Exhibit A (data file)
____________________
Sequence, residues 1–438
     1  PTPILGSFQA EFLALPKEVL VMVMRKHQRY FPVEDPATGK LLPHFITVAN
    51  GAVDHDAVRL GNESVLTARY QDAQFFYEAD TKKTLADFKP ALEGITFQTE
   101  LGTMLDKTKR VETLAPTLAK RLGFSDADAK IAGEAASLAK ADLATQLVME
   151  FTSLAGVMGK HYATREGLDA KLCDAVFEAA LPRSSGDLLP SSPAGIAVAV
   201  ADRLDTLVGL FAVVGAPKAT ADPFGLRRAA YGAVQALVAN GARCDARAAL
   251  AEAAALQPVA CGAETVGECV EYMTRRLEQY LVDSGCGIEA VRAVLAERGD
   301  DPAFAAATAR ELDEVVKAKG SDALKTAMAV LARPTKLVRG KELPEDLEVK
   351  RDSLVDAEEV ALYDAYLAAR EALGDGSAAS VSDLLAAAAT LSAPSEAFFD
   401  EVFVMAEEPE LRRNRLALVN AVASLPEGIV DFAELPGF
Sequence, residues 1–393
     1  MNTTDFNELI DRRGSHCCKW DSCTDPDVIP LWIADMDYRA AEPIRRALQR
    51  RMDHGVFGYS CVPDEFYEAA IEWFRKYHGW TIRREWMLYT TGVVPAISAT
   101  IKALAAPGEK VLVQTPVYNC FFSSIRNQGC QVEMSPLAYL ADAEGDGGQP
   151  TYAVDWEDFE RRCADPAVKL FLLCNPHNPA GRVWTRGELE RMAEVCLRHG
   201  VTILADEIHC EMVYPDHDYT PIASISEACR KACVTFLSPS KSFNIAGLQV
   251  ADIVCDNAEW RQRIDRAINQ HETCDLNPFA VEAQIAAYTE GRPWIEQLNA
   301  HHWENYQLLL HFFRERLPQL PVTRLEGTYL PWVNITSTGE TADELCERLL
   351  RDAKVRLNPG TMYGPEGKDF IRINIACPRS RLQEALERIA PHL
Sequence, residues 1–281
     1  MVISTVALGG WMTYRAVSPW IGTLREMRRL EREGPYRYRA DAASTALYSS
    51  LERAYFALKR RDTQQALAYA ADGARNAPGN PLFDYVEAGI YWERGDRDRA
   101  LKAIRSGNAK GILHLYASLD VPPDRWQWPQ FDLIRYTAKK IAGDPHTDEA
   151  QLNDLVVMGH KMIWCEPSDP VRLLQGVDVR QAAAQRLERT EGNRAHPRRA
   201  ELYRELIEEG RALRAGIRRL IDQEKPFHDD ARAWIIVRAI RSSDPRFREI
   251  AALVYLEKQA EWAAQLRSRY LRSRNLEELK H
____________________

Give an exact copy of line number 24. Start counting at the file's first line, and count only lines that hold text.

   151  QLNDLVVMGH KMIWCEPSDP VRLLQGVDVR QAAAQRLERT EGNRAHPRRA